Let’s pause for a moment because it’s key that we understand that most Black men at this point in time will stop. They will stop looking for answers, they will resolve that their relationship with God doesn’t make sense and they feel a disconnect. Growing up like many Black men, I observed that older Black men didn’t go to church. They believed in God but it wasn’t until they were late in age that they returned to the church. I put them in that category that Bill Cosby talks about when he said, “That’s an old person trying to get into heaven.” That wasn’t for me, it wouldn’t be adequate. The small child who climbed into his grandmother’s bed and asked, “Gruma, what you reading?” needed answers.

I only knew one thing and that was prayer. I prayed and I asked God a question that I didn’t think believers should ever ask. I asked God, “Why?”

In prayer, I found a deeper relationship building. I always thought that God was a close friend of mine. That we could talk about anything and I could truly be myself; so I asked all my questions.

What if someone was in a part of the world where there were no information about You or Your great love for us? Why is it us against them? How could a God who claims to love us all not be known by all? How can I be in love with a God who believes heaven and hell? Hell always bothered me because I didn’t believe in the concept that everlasting love could ever do that to a believer.

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In prayer, I found answers. God showed me that I needed to know that most of religion was created by man, it wasn’t him. God showed me that he was truly in love with all. God showed me that he is a god of love and understanding. After many days of prayer, I didn’t tell anyone but I had grown so much and I knew what I believed.

I had visited my Shack. I had my moment when everything made sense for me.

I watched a commercial on the USA network and in it an Indian woman said, “I believe in all paths to God.” I don’t know why that commercial that I may have seen ten years ago has stayed with me so long, but it has. That’s exactly what I believe! That’s what resonates in me. I can’t believe in a God that doesn’t love Muslims, Jews or Buddhists. I could only believe in a God that examined the hearts of all and if they had love in their heart, they would be granted the gifts that God had for me. I loved the story of Jesus and I felt (much like a character in The Shack) that if someone didn’t know God and his love, I would rather them to go to Heaven before me. Surely if a person was a good person then they deserve to feel that love and I would sacrifice myself for them.

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I decided that for me, meditation and deep thought worked better for my relationship with God. I would read my Bible, but I also felt drawn to read the texts of other faiths. I became a disciple of my spirituality, instead of a disciple of just one faith.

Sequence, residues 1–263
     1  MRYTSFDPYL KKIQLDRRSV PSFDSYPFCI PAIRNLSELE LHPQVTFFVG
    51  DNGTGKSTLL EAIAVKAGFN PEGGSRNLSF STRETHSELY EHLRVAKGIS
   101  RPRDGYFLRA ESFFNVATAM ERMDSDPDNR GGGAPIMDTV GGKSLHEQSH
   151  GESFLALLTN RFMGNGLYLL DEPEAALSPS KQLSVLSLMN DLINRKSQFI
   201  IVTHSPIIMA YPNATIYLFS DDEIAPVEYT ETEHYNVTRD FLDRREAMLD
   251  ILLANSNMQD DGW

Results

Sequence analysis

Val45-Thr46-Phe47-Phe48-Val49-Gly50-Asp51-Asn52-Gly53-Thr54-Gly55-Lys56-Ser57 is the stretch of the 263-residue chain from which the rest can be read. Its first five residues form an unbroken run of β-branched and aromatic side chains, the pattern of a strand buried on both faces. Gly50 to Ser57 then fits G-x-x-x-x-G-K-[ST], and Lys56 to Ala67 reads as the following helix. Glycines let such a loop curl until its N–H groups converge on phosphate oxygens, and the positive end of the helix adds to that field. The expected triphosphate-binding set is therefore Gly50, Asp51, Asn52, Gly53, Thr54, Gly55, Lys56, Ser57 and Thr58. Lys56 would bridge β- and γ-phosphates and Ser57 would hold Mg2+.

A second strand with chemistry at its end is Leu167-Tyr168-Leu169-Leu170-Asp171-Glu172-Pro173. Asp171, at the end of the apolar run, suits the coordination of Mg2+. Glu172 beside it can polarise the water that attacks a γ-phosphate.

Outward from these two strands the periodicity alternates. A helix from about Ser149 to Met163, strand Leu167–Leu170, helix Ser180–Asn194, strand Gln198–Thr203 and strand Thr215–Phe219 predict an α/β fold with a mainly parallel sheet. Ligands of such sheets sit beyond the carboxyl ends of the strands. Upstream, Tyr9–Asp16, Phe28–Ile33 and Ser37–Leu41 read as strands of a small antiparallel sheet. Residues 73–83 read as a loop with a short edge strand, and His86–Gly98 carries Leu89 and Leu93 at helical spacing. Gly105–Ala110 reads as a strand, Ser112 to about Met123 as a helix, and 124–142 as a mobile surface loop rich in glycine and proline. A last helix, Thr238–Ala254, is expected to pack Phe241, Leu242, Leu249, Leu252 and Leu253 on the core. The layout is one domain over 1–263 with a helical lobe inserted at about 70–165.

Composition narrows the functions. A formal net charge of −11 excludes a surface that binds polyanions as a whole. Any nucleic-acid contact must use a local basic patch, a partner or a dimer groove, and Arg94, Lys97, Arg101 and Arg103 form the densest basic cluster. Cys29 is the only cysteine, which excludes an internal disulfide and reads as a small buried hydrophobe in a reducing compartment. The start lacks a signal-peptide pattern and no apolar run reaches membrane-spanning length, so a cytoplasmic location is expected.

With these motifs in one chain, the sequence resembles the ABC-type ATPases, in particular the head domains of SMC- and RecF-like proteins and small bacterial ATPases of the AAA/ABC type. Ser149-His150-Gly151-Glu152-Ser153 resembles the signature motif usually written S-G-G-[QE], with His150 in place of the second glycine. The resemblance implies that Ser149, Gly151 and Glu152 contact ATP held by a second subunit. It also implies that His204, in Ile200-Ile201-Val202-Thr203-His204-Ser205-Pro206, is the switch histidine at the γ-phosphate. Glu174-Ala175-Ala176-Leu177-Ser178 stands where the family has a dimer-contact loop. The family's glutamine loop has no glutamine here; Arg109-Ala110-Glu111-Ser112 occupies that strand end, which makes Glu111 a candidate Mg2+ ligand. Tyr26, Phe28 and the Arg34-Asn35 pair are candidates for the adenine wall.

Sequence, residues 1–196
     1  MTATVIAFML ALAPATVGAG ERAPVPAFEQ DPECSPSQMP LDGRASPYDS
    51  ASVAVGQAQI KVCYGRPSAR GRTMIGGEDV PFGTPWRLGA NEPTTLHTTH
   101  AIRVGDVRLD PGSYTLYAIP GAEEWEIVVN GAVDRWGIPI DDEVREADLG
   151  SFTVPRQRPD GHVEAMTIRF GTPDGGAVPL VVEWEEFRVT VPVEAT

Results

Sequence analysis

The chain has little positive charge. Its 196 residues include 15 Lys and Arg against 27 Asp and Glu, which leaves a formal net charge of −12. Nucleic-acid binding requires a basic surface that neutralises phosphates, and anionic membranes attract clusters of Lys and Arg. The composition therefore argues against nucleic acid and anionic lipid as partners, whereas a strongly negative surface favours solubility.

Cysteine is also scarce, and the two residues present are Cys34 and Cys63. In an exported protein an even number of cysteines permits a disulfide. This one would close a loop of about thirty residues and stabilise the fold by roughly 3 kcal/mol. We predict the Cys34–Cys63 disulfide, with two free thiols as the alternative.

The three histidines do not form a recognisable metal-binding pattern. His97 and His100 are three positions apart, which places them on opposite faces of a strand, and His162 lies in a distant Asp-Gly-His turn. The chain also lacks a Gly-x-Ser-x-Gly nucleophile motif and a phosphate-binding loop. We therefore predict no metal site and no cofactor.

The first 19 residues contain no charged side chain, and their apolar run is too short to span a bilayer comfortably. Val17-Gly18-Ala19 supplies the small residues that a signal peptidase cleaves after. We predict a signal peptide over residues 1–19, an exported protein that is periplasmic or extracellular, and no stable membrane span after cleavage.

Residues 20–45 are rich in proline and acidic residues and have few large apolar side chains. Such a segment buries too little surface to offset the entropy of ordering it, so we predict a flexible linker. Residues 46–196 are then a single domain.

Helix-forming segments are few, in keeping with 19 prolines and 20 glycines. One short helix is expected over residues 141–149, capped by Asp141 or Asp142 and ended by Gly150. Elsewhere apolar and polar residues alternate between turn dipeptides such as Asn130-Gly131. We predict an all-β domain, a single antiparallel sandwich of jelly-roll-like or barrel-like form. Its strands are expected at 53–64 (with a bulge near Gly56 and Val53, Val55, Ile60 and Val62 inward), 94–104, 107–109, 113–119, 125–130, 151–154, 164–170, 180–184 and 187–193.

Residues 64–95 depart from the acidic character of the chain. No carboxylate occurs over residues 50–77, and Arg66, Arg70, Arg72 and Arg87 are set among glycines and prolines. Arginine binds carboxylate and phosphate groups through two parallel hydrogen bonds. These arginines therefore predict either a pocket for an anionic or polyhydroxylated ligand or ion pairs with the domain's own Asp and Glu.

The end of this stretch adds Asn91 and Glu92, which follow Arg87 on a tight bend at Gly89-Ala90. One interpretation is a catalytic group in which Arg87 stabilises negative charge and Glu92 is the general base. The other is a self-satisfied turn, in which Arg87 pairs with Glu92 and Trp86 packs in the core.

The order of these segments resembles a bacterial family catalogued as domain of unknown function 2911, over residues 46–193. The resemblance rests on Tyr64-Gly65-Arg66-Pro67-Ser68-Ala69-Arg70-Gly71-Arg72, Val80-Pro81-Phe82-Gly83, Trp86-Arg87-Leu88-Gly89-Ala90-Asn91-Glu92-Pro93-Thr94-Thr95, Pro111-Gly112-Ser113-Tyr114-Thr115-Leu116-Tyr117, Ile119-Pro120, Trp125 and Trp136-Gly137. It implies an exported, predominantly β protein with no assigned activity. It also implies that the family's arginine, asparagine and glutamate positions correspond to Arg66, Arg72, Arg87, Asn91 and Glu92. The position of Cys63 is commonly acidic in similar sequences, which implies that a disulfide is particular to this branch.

Every now and then, I return to those moments that would be best described as my Shack. Honestly I’ll admit I may not do it weekly, but I try.

What’s most important to note is that many Black men decide to stunt or stop their faith and spirituality, but I didn’t. My questions and my insecurity led me closer to God and my spirituality. I tell my friends and those I do not know that I don’t think it’s important that you affiliate with a particular denomination as long as you believe in selfless love. That you believe in the betterment of the Earth and this universe. Even if you don’t believe in a being such as God that you believe that while on Earth you must be a loving member to humanity.

That’s where The Shack took me. That’s what it reminded me to do. To take time to remind myself that I’m not idle in my faith, but my faith is growing. I’m reminded that it’s not up to me to judge, but to have an undying love for all. For me to give myself as a tool for inspiration and motivation, but as an active member of God’s plan. I often ask many Christians, “If there was no promise of eternal life, would you still believe in God?” It’s interesting to hear the responses. I know for myself that I wouldn’t change a thing, not one thing. Walking this path isn’t about the path of eternal life – it’s about understanding your connection with the universe. It’s about understanding that your soul is rooted in spirituality and not in religion. I believe that’s where many go wrong and I’ve chosen not to go wrong.